Enhancing the Classroom With Digital Modeling

The last few days I have been thinking about technology and how it is truly playing a major role in the classroom. I watched a segment on 60 minutes on Sunday about the Kahn Academy and I read an article yesterday I believe in the Washington Post about teaching kids to be digital citizens. First, I want to make it clear I am not going to ramble on about Kahn Academy. I know for a fact it upsets a lot of people and the idea of flipping the classroom is still in its infant stages or at least I feel that it is. It seems to me there are still some things wrong with the idea and I am not going to get into that here. The only comment I want to make about Kahn Academy is it doesn’t do any modeling of reading and writing in the online sessions. Enough said there.

The other day I sat down and had lunch with my mentor and colleague. I had to give a lot of thought about our conversation prior to our lunch. Despite the fact we want our students to use technology, and there definitely is a place for technology in our student’s lives, we need to remember we are the adults and the teacher. It is true, there are too many adults, including educators that are whipping out their phones and checking them in class, professional development, and while they are in line at the grocery store. I am not saying I am innocent of these accusations from time to time, but what is frustrating is watching professionals who scold students every day about being on their cell phone or keeping their cell phone put away, and then seeing these same adults pull out their cell phone during a professional development session and vigorously text, surf the Internet, or play games. We can’t hold our students to expectations that we ourselves are not willing to follow. It seems digital natives have not been given proper instructions on how to handle the devices they come into contact with each and every day. Essentially, they need digital modeling by teachers, parents, and other important adults in their lives.

In my opinion, if we as educators are crying to use more technology in our classroom, we need to model for our students when it is appropriate. Just today I heard on the news that 62% of students ages 6-15 are more likely to find the answer to a question on Google rather than ask their parents. Upon asking my students about what was more accessible, the Internet or their parents, it is evident students rely more and more on the internet. As troubling as this might seem, we still have a responsibility to teach today’s youth how to be responsible digital citizens. After all, technology and digital tools are meant to enhance our student’s learning, they are not meant to be a toy plopped in front of them for entertainment purposes.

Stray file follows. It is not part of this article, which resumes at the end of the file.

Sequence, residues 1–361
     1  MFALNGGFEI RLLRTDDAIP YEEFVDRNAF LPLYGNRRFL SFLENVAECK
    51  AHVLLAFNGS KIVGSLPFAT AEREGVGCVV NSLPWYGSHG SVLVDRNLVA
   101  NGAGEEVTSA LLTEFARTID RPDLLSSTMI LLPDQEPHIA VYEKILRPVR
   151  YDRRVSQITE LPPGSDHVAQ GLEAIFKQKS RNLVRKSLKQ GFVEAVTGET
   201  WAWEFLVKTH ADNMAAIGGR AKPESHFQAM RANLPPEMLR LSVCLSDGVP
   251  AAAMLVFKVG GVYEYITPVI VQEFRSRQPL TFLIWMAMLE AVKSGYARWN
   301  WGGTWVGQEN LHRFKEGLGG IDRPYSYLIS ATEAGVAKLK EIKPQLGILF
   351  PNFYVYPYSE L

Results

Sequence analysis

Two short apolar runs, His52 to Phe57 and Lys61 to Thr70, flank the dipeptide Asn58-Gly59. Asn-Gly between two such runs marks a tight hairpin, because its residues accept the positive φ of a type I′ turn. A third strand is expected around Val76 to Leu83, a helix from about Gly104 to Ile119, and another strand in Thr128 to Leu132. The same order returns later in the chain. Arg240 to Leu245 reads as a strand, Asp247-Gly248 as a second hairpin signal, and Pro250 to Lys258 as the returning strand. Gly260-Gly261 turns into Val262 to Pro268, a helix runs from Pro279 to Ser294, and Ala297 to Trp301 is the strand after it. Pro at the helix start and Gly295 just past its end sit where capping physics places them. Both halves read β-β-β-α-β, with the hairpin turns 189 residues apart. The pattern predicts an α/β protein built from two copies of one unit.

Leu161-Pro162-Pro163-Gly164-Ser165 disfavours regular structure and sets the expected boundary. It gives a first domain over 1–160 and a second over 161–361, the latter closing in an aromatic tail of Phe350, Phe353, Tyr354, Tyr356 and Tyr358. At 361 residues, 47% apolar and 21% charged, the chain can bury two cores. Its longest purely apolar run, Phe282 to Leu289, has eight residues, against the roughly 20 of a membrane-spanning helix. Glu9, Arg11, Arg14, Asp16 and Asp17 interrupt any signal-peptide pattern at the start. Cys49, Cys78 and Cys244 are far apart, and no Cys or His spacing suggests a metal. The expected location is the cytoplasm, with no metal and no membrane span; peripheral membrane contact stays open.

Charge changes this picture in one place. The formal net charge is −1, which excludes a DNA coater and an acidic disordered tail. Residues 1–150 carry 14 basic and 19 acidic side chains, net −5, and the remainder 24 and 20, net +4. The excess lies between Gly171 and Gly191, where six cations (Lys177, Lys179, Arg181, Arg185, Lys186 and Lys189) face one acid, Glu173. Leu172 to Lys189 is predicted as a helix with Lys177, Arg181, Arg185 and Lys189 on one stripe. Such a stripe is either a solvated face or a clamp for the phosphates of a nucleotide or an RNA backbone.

Cheers!

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2 Comments on “Enhancing the Classroom With Digital Modeling”

  1. I love this post…I teach kindergarten and all of the students in our school have iPads. Even my 5 year old students will say, “Can’t we just do our writing on the iPad?” While I agree the digital literacy is important, it is just as import that my students learn how to write using paper and pencil also. We do some of both. It is important that we model for our students in many ways…including digitally.

  2. I see more and more “copy cut and paste” going on with regards to Googling and research. Students are told to do research, but not taught how to research. Students are asked to use technology, but not taught how to be digital citizens. There are rules that they must learn and abide by in classrooms before using those tools. Likewise, educators are forced to use technology in their classroom, either as a new tool or justification for having it. Teachers need to learn to be digital citizens as well. AND, parents need to be educated on what their student should be doing when it comes to all of the above. They assume they are “working on a paper” without knowing what they are doing. I often use this site http://www.digitalcitizenship.net/Nine_Elements.html for information to share with students and parents, as well as educators.


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